India's Foreign Secretary has just been on a visit to Beijing where he participated in a strategic dialogue with his Chinese counterpart. Intensified exchanges between the two countries, of which the meeting in Beijing was an important part, reflect the joint desire of the leaders to add momentum to the ongoing dialogue and speed up the effort to solve problems and strengthen cooperation. As has been frequently reiterated in recent days, this is a time of strain in India-China relations, due not so much to direct clashes between them as to issues involving third parties. The most obvious matter of contention is that involving Pakistan where India's efforts to hold that country to account in international forums for supporting terrorist activity have been effectively negated by China. This is a real concern for India, but it was not what drove the Foreign Secretary to visit Beijing: the diplomatic channel between the two countries is active and they are able to communicate with each other as and when required without sending special envoys from one capital city to the other.
The strategic dialogue could have grown out of the need to find responses to the changing global situation which has brought a number of new challenges before India, China, and other global players. Change has been dramatized by the new priorities of the White House which is trying to give a radically new direction to some aspects of US foreign policy, but even before Mr. Trump took office important indications of change were already visible. USA has been in the process of reducing its commitment overseas for some time now, in a slow retreat from its heavy involvement in regional affairs since the very active years that saw its armed forces extensively engaged abroad, most directly in Iraq and Afghanistan and elsewhere too. As the human and material cost mounted, public support for this sort of engagement ebbed away and the government was blamed for the 'imperial overstretch' of excessive commitment to distant problems.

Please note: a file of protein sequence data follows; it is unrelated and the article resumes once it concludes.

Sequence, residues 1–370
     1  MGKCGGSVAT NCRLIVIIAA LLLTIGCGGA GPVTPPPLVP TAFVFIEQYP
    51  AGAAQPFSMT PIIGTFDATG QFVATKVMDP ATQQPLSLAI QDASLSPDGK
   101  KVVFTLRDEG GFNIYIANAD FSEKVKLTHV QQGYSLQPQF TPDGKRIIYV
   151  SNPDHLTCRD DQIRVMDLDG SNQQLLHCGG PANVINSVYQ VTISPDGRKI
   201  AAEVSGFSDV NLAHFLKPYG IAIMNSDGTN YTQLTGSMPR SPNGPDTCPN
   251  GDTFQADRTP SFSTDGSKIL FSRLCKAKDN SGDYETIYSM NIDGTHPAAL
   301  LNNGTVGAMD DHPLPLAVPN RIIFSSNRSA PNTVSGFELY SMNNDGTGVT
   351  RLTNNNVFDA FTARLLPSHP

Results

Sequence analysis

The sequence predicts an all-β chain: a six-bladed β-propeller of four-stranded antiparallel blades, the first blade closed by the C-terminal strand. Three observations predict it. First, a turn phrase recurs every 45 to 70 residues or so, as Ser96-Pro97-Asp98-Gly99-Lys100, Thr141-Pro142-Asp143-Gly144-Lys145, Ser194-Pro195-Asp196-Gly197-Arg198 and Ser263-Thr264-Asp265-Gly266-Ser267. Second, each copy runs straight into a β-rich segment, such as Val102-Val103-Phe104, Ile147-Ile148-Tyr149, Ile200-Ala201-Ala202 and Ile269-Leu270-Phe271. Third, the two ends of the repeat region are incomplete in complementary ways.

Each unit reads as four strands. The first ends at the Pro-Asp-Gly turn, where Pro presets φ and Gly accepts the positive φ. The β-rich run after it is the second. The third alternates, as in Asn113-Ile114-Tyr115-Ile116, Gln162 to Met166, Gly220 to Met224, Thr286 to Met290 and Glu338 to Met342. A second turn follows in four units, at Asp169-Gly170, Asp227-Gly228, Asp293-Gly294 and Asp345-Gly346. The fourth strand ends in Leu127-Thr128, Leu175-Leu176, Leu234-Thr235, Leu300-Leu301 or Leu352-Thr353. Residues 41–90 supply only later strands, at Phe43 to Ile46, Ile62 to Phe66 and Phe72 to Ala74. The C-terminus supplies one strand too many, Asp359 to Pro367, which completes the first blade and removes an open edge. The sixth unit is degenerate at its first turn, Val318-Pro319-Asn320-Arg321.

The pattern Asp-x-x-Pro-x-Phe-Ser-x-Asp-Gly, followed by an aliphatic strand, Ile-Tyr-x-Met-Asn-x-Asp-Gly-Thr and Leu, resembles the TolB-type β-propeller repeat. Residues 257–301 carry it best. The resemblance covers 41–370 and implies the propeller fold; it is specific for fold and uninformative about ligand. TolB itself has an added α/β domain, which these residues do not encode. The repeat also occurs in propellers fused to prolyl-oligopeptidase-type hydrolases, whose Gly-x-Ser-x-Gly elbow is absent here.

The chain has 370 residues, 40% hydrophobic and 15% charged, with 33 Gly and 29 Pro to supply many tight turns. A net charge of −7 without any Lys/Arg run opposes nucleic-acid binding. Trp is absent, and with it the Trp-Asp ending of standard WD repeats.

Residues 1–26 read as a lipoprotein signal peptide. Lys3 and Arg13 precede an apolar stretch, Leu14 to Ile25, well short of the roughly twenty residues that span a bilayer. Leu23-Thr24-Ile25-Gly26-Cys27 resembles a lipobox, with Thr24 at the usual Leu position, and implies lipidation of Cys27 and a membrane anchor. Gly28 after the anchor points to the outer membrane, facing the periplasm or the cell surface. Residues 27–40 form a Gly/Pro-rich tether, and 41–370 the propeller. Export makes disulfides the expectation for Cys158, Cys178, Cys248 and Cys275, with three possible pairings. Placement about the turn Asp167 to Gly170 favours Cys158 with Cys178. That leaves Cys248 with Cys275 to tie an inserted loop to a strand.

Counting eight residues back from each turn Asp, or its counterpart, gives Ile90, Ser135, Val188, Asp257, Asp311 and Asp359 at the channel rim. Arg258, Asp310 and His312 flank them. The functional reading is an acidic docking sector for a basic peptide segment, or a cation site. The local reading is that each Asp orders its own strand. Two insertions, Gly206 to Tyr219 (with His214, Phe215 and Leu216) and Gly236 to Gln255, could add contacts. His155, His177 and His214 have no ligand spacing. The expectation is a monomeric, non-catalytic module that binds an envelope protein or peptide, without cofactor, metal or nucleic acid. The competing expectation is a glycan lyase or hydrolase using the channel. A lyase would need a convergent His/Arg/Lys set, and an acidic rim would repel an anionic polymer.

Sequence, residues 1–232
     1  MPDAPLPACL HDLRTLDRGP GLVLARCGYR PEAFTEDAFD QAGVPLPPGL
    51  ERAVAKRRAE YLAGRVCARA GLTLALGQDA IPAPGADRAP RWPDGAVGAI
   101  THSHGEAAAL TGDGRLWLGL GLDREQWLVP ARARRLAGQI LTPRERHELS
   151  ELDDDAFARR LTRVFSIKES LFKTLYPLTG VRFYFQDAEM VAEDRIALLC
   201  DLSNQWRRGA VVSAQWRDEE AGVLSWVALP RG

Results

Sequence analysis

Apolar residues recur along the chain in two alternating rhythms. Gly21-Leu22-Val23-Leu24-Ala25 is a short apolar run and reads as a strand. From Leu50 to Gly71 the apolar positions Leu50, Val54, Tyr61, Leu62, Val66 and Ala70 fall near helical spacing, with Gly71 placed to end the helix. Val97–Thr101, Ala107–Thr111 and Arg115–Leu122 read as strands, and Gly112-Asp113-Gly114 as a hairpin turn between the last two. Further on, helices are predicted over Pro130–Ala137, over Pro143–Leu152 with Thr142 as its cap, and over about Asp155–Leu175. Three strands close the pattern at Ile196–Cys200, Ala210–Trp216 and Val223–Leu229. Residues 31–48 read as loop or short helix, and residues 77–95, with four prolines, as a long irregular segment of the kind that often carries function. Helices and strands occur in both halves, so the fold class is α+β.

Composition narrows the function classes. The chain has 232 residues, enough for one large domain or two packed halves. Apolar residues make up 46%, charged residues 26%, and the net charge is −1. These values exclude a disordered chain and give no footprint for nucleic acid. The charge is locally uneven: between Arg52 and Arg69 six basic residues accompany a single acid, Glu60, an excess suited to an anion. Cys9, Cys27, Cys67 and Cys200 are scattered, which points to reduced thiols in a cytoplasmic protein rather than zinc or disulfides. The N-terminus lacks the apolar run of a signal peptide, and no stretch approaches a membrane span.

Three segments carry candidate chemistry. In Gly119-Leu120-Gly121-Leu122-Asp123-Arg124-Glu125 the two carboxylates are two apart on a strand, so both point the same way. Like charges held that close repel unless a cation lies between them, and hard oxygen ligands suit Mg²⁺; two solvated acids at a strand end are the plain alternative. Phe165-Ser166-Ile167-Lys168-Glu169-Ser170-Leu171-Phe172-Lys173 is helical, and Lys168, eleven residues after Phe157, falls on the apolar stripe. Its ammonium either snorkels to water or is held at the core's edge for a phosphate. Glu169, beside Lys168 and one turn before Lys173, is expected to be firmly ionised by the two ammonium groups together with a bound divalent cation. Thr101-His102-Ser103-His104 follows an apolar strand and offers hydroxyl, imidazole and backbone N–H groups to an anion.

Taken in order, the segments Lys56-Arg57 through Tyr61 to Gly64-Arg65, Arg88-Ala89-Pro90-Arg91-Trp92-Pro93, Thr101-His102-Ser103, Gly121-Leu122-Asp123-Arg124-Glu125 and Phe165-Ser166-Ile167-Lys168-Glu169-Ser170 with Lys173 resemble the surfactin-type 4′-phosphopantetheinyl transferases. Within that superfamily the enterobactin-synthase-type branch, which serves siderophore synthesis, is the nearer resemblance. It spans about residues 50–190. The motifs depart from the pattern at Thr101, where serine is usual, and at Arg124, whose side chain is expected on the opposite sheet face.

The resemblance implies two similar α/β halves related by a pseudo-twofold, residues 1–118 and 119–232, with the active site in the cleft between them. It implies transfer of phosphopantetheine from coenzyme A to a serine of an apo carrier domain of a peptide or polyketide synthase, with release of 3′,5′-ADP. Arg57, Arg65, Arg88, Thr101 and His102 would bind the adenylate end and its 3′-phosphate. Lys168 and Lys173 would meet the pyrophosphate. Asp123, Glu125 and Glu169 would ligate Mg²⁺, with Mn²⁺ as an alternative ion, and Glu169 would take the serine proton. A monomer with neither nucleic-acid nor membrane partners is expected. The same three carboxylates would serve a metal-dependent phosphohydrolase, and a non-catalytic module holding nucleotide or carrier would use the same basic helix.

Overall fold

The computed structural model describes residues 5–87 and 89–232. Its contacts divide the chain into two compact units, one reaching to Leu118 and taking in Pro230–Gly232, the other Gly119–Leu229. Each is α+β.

While US policy makers were drawing in their horns, others were advancing to fill the newly available space, none more actively than China. China is seen as the rising power, economically and also militarily, and its influence is on the increase. It has been chafing at some of the features of the international system set up in the aftermath of the second war and has already taken important steps to amend it in a manner that, in its view, better reflects present-day realities. For instance, China would like to see its currency used as an international medium of exchange, so that the US dollar may not be the pre-eminent medium for this purpose. China is also working to set up long distance overland trading routes across the Eurasian landmass, harking back to the medieval Silk Road, with a maritime version also taking shape. These initiatives have been much described and discussed, and seen as important steps towards the new order. China seeks to promote, multi-polar rather than something where one country enjoys preponderant status.